Prosecutorial practice

In United States v. Mercier, __ M.J. __, No. 20160318 (C.G. Ct. Crim. App. Mar. 18, 2016) the court denied a Government interlocutory appeal of a military judge’s ruling that found that a specification was improperly referred and dismissed the specification without prejudice.

This would seem to be a perfect opportunity to take up, again, two suggested improvements to military law practice.

Let’s have the President issue an Executive Order.  The Attorney General of the United States issues several manuals for U. S. Attorneys.  This is guidance from HQ intended to assure some measure of uniformity among the U. S. Attorney offices throughout the nation.  It is time to impose something akin to the U. S. Attorney’s Manual by executive order (in particular, 9-27.000 – Principles Of Federal Prosecution)?

The probable cause standard is the same standard as that required for the issuance of an arrest warrant or a summons upon a complaint (See Fed. R. Crim. P. 4(a)), for a magistrate’ s decision to hold a defendant to answer in the district court (See Fed. R. Crim. P. 5.1(a)), and is the minimal requirement for indictment by a grand jury. See Branzburg v. Hayes, 408 U.S. 665, 686 (1972). This is, of course, a threshold consideration only. Merely because this requirement can be met in a given case does not automatically warrant prosecution; further investigation may be warranted, and the prosecutor should still take into account all relevant considerations, including those described in the following provis ions, in deciding upon his/her course of action. On the other hand, failure to meet the minimal requirement of probable cause is an absolute bar to initiating a Federal prosecution, and in some circumstances may preclude reference to other prosecuting authorities or recourse to non-criminal sanctions as well.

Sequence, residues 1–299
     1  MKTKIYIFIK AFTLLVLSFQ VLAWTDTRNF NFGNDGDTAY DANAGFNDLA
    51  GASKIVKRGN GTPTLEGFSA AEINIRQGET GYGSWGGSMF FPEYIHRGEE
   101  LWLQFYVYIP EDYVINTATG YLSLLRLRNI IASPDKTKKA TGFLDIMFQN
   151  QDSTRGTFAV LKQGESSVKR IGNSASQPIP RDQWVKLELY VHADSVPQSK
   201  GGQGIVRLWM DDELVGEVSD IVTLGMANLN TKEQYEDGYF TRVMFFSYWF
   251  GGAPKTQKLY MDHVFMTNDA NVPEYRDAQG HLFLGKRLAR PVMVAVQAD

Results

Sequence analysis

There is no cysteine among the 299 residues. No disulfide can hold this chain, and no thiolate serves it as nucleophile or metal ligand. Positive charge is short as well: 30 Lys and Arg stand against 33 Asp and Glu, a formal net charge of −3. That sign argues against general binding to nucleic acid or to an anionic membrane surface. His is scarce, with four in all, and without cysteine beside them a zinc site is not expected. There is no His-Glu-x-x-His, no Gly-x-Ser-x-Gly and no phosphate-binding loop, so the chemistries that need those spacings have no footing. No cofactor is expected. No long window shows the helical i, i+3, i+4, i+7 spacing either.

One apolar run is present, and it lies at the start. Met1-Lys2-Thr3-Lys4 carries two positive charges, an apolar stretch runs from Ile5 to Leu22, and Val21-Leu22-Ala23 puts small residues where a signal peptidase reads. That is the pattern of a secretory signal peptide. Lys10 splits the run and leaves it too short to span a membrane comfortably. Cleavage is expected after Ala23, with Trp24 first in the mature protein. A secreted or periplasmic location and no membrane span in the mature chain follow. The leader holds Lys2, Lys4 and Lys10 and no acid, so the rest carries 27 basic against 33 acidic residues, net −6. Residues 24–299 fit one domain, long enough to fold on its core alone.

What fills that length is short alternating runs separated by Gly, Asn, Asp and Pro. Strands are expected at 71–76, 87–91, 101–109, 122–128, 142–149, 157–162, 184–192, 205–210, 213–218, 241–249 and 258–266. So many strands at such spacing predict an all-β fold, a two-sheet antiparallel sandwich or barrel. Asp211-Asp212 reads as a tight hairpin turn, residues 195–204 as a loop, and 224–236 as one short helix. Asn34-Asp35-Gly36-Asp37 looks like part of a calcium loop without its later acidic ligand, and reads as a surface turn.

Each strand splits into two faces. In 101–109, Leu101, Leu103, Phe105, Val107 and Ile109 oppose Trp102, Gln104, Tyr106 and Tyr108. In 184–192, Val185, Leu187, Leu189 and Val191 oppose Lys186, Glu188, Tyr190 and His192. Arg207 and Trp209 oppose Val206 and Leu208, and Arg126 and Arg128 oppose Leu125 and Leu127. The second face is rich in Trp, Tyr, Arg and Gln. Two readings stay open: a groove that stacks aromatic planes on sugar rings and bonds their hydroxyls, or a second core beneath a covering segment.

And the Criminal Resource Manual.

There seems much in them that could be copied almost word for word.

And perhaps now it is time to adopt Rule 5.1, Fed. R. Crim. Pro., either by statute or executive order?  IMHO, the President can amend R.C.M. 405, through the UCMJ art. 36 power, and adopt a rule similar to that found in federal district court.

(f) Discharging the Defendant. If the magistrate judge finds no probable cause to believe an offense has been committed or the defendant committed it, the magistrate judge must dismiss the complaint and discharge the defendant. A discharge does not preclude the government from later prosecuting the defendant for the same offense.

Under federal practice, a USA can still prosecute by restarting with new evidence should it arrive later and the prosecution not being barred by the statute of limitations.